Multi Emulator Super System (MESS) is an emulator for many game consoles and computer systems, based on the MAME core and now a part of MAME. MESS emulates portable and console gaming systems, computer platforms, and calculators. The project strives for accuracy and portability and therefore is not always the fastest emulator for any one particular system. Its accuracy makes it also useful for homebrew game development.
As of April 2015 MESS supported 994 unique systems with 2,106 total system variations. However, not all of the systems in MESS are functional; some are marked as non-working or are in development. MESS was first released in 1998 and has been under constant development since.
MAME and MESS were once separate applications, but were later developed and released together from a single source repository. MAMEDEV member David Haywood maintained and distributed UME (Universal Machine Emulator) which combined much of the functionality of MAME and MESS in a single application. More recently, on May 27, 2015, MESS was formally integrated with MAME and became a part of MAME.
MESS was distributed under the MAME Licence, which allowed for the redistribution of binary files and source code, either modified or unmodified, but disallowed selling MESS or using it commercially. The license is similar to other copyleft licenses in requiring that rights and obligations provided in the license must be remain intact when MESS or derivative works are distributed.
In addition to the MESS Licence, The MESS Team required that: "MESS must be distributed only in the original archives. You are not allowed to distribute a modified version, nor to remove and/or add files to the archive. Adding one text file to advertise your web site is tolerated only if your site contributes original material to the emulation scene." The MAME license required source code be included with versions of MESS that are modified from the original source, while the MESS legal page states that when distributing binary files "you should also distribute the source code. If you can't do that, you must provide a pointer to a place where the source can be obtained."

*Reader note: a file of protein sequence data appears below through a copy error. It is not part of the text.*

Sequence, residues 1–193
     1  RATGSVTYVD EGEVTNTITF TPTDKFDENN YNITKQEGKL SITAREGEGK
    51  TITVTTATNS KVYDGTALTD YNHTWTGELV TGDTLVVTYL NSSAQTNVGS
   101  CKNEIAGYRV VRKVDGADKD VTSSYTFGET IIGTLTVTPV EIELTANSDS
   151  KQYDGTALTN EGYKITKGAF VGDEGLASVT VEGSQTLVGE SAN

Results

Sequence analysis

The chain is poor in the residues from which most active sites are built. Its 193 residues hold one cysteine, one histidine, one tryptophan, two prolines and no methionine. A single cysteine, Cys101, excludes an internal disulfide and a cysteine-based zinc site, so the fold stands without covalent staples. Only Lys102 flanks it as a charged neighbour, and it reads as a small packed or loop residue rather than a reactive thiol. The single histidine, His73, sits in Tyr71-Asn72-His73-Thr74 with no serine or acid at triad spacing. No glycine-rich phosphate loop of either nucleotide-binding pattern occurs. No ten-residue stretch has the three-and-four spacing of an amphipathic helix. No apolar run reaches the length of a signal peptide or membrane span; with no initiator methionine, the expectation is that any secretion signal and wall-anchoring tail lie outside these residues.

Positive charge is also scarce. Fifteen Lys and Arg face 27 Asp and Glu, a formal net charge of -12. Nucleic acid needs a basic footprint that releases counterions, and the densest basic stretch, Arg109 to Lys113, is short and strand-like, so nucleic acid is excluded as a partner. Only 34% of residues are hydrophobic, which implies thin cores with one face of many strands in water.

While MESS was available in both binary and source code forms, the restrictions on commercial exploitation cause it to fall outside of the Free Software Foundation's definition of free software. Similarly MESS was not considered to be open source software if appraised according to the criteria of the Open Source Definition.
Generally the emulation only includes raw hardware logic, such as for the CPU and RAM, and specialized DSPs such as tone generators or video sprites. The MESS emulator does not include any programming code stored in ROM chips from the emulated computer, since this may be copyrighted software.
Obtaining the ROM data by oneself directly from the hardware being emulated can be extremely difficult, technical, and expensive, since it may require desoldering of integrated circuit chips from the circuit board of the device they own. The desoldered IC is placed into a chip reader device connected to a USB or serial port of another computer, with pin sockets on the reader specifically designed to match the chip package shape in question, to perform a memory dump of the ROM to a data file.
Removal of a soldered chip is often far easier than reinstalling it, especially for extremely small surface mount technology chips, and the emulated device in question may be effectively destroyed beyond recovery after the ROM has been removed for reading.
However, if one has a working system, it is far easier to dump the ROM data to tape, disk, etc. and transfer the data file to one's target machine.